The entire table stopped laughing—well, everyone except Parker Hastings. “Oh, shut up, Jenny! Your stupid brother isn’t even alive anymore so who cares what he had to say!”
I gasped, staring wide-eyed at him. Parker’s words stung my heart, his taunt like salt being rubbed into a deep wound. My eyes went hot and prickly. Mrs. Pots appeared right behind me as soon as Parker let out his rude remark.
“Parker Hastings! Meet me outside the classroom.
I dropped my head as everyone
and sniggered while Parker groaned, shoving his chair back and stomping to the door. When I glanced back, I was surprised to see Drake standing at Mrs. Pots’ desk.
He watched Mrs. Pots crossly follow Parker out and after he dropped the yellow bathroom pass on her desk, he tipped his head to look at me.
His eyes were softer than they were less than five minutes ago. He walked my way and sat down in the short blue chair beside me.
I didn’t look up. One: because what Parker said about my brother Mitchell was still eating me up inside, and two: because I didn’t want Drake to pick on me too.
So I picked up my markers and finished my fractions coloring sheet.
Drake continued his with dry markers that were most likely from his previous school year. I silently slid a few of my markers his way, letting it be known that he could use them if he wanted.
I felt him looking at me. I still didn’t bother meeting his eyes.
When everyone around our table focused on their papers while talking about other things—things like field day and summer break—Drake finally spoke.
“I heard what you told them.” He paused on coloring and I glanced aside, but his eyes weren’t on me. He was focused on his paper. “Thanks… I guess.”
That was the first time I had ever heard Drake Davenport’s gratitude. It was the first time I ever heard him give
After that day, Drake’s attitude towards me changed. He didn’t say much, but he did small gestures for me, like picking up my pencil if it rolled off the desk, or taking my worksheets up whenever he was going to turn his papers in.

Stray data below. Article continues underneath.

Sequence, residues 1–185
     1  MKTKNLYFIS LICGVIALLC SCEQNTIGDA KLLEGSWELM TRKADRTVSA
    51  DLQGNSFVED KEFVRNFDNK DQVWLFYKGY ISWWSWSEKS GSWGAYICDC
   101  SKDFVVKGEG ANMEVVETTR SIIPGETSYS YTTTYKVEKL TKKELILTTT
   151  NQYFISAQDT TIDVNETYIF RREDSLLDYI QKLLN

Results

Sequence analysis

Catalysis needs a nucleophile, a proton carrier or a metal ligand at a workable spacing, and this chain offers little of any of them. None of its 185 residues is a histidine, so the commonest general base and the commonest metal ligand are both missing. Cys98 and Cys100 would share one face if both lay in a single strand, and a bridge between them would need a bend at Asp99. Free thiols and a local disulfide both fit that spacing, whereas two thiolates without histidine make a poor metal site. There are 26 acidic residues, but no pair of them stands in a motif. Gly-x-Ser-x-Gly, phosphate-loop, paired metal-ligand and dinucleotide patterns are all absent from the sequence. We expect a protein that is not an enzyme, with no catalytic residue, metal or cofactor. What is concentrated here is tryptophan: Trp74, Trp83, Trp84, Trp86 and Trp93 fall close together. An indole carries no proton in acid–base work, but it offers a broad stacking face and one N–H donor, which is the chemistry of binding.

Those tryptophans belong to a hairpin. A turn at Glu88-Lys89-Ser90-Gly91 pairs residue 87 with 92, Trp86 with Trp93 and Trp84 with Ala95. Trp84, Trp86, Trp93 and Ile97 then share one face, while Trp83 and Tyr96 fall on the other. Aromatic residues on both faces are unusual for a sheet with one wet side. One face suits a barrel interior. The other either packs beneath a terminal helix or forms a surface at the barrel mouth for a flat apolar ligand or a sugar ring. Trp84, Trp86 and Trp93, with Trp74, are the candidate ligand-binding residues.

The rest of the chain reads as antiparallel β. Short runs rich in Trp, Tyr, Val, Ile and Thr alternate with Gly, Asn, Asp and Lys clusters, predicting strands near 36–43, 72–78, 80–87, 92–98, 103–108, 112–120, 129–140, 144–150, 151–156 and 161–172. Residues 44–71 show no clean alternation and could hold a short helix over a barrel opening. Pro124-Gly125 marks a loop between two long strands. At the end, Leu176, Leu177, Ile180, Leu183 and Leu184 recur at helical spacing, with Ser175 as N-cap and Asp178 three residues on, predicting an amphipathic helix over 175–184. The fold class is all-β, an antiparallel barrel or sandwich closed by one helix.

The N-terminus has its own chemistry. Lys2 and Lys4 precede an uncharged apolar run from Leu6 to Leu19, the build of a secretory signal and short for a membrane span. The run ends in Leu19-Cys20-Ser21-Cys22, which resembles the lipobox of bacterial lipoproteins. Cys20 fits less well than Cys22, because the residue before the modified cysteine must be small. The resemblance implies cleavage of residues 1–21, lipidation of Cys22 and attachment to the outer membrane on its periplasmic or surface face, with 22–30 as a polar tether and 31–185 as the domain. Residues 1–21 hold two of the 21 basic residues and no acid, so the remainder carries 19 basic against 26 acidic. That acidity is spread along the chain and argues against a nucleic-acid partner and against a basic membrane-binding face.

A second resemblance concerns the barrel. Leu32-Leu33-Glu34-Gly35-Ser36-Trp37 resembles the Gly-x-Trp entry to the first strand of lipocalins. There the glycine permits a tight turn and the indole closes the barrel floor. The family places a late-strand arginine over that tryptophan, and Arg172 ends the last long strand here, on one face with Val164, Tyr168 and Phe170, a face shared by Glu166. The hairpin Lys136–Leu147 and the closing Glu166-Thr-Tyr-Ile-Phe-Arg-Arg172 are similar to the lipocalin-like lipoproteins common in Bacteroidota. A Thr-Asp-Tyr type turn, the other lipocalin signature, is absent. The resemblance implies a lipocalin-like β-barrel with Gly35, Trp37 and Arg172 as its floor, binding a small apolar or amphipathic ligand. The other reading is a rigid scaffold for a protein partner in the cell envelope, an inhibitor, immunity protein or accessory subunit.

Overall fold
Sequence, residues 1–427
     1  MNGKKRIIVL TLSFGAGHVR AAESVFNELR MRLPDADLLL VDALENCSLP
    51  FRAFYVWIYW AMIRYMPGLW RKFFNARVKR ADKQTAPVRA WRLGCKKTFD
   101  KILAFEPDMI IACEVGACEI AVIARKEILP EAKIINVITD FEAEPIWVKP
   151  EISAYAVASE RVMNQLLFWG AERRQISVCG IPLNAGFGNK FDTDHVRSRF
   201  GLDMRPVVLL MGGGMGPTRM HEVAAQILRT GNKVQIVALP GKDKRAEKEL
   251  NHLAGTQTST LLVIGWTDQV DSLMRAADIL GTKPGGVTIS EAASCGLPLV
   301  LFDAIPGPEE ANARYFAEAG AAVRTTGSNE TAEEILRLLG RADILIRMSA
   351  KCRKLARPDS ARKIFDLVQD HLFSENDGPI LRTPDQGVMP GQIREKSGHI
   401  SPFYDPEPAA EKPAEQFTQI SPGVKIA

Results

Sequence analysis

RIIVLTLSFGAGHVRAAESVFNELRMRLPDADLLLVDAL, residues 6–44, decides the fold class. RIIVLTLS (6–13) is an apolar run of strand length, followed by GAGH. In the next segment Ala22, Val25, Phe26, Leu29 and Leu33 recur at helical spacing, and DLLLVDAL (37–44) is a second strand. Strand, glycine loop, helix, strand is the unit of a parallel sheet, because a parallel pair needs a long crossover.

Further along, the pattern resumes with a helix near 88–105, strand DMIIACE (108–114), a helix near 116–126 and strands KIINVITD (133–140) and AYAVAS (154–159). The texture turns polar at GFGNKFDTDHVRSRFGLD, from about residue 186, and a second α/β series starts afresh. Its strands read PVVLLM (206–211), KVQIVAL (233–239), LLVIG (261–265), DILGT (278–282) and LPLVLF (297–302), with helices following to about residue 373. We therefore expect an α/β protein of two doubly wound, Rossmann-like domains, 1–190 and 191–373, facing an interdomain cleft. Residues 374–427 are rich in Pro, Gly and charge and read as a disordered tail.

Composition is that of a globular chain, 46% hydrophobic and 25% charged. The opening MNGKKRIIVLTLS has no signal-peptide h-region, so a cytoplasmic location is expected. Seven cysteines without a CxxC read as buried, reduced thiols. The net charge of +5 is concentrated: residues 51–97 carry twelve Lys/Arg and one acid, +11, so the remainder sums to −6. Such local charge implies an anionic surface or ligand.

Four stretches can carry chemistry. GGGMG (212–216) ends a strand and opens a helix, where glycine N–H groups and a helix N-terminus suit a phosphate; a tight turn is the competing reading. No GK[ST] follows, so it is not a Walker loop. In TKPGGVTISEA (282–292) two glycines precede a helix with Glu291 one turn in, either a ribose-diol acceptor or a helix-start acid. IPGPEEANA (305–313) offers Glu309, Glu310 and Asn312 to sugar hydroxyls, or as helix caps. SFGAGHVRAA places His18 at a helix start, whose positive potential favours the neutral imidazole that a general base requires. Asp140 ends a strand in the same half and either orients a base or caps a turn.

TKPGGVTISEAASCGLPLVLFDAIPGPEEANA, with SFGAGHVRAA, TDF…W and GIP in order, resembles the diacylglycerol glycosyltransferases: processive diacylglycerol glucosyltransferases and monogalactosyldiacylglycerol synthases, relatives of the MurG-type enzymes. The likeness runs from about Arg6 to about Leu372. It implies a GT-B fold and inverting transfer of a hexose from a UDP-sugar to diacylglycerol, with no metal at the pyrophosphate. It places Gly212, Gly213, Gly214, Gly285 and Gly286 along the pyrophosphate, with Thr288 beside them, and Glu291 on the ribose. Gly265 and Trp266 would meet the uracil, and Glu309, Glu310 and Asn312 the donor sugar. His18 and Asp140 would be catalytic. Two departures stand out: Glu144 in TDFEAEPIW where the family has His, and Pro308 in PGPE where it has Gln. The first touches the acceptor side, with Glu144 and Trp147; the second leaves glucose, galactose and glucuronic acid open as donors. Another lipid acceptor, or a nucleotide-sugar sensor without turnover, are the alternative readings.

He was really smart.
He aced every test, but for some reason he tried to hide it. I saw his grades, the red
along with the smiley face stickers poking out of the corners of his folders.
Whenever Mrs. Pots handed our tests back, he’d hurriedly stuff his in his backpack, side-eyeing me and everyone else at the table.
Of course, no one really paid attention to what he did but me.
I wanted to ask why he was so ashamed but I decided it was best to keep my questions to myself. I didn’t want him to switch up on me again. I liked the nicer side of Drake—the side he only revealed with me.
During recess, Drake normally sat in the corner right by the door. He’d sit in the same spot everyday, waiting for Mrs. Pots to blow her whistle so he could go back inside.
He hated recess. It seemed he hated fun in general.
But one day he actually decided to come out and play. I usually did some jump roping, swinging, or walked with Melissa Gills around the playground. I wanted to walk that day, but Melissa was absent, so I sat on the swing.
It was a hot, sticky day. My head hung down as I picked at my nails, focusing on the tip, where a smidgen of sparkly blue nail polish stubbornly remained.
I heard the crunch of footsteps along the red mulch and looked up. Drake was walking my way with an uneasy demeanor. He ran his hand through his dark, tangled curls, glancing over at the group of girls gossiping as they drew with chalk.
He frowned at them when he noticed they were watching, and they all looked away, but not without giggling first.
I watched him as he came in my direction, his steps slow and measured, his face giving away his uneasiness.
I gripped the silver chains connected to the swing, swinging my legs to guide me in a light, easy sway. Drake stepped to the left, standing near the metal bar.
“Are you here to play?” I asked.
He didn’t say anything, just folded his arms and pressed his back against the metal. The sun beamed down on him, causing sweat to prickle at his forehead. He swiped it away, grunting a little as he pushed from the metal.
“You can take that swing,” I offered, as if it were mine. “No one’s gonna bother when you’re standing right beside it. Plus, swinging will help you cool off. It helps me cool off.”
I stopped my legs from moving, planting the bottoms of my feet on the ground. Drake looked at me through the corner of his eye. He never looked me completely in the eye. It was as if he was afraid to.
Now that I thought about it, it seemed he didn’t like to look anyone in the eye. Not that he was afraid of the others; I just figured he didn’t think they were worth his time.